I have received a very warm welcome with my host mother and her neighbours doing everything they can to make me comfortable. The people here are warm and joyful, and frequently sing and dance to express their happiness.
However, they endure increasing hardship with many parents feeding a family of six children on about eight pounds a month or less. The farmers here predominantly grow maize, as well as rice and cassava. They rely on a single harvest to last them and their families a whole year, and sell the surplus at market.
Food is increasingly difficult to grow here thanks to the infertile soil, the rising costs of fertilizer, and a shortage of farm labour. People are given free farming land but it is located three kilometres away making it difficult to get to without transport.
The majority of villagers are Muslim and practice polygamy, meaning that men will often have two or three wives and up to twelve children. People often feel that having many children is desirable as they will care for them in their old age. However in the present the children need feeding and clothing.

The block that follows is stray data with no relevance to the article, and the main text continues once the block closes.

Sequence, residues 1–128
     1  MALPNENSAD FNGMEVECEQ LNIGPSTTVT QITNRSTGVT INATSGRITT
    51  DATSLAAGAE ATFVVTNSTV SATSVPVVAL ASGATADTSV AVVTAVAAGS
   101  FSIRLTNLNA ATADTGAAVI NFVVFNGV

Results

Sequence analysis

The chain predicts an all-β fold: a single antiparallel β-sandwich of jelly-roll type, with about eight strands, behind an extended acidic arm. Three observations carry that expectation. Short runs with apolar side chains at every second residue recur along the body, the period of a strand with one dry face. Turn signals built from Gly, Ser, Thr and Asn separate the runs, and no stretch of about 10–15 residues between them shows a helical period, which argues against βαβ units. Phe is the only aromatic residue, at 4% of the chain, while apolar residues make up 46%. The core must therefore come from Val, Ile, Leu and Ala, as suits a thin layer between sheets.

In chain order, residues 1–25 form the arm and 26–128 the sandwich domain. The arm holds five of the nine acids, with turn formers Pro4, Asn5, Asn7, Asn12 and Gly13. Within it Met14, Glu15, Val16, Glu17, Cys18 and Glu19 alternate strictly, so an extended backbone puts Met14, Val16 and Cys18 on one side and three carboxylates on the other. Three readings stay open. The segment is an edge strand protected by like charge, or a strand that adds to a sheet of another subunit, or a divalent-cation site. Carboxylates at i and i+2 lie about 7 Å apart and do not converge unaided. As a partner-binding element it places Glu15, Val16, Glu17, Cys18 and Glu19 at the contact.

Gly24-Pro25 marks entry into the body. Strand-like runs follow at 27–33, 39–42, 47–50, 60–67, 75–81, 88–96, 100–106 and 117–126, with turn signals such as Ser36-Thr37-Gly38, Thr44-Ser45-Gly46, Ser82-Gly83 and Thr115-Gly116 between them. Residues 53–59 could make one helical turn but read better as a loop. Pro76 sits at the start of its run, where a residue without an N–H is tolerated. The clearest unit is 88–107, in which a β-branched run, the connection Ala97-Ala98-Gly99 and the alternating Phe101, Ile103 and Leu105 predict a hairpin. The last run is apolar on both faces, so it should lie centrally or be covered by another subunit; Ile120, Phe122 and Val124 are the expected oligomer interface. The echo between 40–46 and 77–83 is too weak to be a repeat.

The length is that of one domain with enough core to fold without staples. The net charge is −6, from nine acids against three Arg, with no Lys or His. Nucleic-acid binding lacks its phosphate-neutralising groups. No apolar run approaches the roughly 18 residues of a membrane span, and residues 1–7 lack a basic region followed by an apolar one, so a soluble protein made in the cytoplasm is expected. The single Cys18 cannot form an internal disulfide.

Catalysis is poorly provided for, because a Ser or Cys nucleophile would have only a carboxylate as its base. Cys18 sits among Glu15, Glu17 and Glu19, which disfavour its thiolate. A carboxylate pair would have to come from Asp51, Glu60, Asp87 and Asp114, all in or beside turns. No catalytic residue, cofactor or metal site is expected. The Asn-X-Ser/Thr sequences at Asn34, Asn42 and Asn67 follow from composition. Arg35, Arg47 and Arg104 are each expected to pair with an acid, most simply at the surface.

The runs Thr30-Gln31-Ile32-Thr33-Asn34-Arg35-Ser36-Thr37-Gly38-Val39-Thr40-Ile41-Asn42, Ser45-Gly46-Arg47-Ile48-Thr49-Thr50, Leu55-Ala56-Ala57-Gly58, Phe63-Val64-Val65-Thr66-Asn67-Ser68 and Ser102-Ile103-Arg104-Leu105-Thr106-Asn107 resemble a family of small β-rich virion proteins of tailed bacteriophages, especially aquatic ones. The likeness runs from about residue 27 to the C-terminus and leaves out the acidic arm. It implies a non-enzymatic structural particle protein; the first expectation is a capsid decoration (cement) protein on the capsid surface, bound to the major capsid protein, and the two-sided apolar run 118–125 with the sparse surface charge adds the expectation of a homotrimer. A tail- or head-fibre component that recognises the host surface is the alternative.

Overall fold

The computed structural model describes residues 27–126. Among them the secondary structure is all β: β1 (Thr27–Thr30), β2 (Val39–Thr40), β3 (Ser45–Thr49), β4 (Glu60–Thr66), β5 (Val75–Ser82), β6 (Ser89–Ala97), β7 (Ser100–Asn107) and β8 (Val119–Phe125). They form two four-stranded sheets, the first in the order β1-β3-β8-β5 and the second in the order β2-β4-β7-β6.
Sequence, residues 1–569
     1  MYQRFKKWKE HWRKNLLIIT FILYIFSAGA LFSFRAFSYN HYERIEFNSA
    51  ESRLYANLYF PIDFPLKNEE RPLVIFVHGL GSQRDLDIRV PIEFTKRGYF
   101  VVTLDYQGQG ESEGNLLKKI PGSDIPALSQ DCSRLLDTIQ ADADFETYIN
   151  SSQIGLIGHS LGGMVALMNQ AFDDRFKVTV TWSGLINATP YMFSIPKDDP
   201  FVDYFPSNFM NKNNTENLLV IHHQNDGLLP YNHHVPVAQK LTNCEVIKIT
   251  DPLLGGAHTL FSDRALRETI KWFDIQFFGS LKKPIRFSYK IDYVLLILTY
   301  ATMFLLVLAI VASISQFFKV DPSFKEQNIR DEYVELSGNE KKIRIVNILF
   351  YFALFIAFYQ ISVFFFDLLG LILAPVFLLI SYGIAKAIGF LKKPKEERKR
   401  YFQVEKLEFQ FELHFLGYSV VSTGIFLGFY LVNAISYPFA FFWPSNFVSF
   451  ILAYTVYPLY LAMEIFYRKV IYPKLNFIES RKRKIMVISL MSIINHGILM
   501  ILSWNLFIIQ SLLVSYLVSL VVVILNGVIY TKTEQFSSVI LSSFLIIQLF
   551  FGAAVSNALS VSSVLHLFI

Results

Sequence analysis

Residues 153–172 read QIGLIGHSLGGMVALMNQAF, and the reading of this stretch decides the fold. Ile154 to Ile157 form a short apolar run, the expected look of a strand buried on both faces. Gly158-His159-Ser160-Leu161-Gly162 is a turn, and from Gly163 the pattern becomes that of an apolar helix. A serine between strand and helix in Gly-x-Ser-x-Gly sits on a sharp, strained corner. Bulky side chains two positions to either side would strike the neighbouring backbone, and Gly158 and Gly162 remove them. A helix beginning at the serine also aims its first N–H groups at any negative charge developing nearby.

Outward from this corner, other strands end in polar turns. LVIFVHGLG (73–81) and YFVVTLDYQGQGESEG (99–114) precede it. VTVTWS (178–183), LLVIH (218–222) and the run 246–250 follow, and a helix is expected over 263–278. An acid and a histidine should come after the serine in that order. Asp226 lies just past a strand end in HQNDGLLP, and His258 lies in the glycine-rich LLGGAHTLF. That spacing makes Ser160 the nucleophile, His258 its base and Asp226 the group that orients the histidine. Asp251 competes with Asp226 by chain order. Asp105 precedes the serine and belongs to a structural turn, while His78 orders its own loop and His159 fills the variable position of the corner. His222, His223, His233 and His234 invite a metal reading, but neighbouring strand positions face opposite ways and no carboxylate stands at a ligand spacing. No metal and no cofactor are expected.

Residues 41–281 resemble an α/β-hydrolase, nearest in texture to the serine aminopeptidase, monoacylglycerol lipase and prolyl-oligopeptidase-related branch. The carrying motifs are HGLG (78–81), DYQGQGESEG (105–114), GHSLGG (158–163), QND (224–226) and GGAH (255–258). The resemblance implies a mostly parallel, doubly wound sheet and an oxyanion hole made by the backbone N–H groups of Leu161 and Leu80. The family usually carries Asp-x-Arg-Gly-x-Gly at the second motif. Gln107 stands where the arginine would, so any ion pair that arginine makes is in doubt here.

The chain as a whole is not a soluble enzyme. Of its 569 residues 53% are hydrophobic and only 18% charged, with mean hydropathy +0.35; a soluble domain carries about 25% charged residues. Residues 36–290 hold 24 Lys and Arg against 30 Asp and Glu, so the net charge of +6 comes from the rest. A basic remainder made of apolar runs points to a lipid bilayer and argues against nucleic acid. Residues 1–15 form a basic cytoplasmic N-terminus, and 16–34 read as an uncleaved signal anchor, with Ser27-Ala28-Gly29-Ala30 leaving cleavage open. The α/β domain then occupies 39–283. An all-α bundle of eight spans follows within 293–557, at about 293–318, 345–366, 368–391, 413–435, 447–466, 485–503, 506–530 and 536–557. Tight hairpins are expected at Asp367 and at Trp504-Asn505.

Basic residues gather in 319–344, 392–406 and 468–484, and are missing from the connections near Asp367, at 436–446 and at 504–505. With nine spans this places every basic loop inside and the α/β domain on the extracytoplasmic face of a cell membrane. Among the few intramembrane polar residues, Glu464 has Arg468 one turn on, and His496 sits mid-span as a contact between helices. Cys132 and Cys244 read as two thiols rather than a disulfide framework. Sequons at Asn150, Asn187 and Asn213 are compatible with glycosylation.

Diseases such as malaria and HIV are rife and people do not always have access to clean drinking water. Villagers can receive free treatment at the local overstretched, understaffed government hospital but its distance makes it difficult to access for many people who may need to work to provide for their families that day.
Despite this the villagers work hard to take care of their families and will often rely on each other for support when times are hard. I am often surprised by how innovative and creative people are here. They can find a use for everything and nothing is wasted.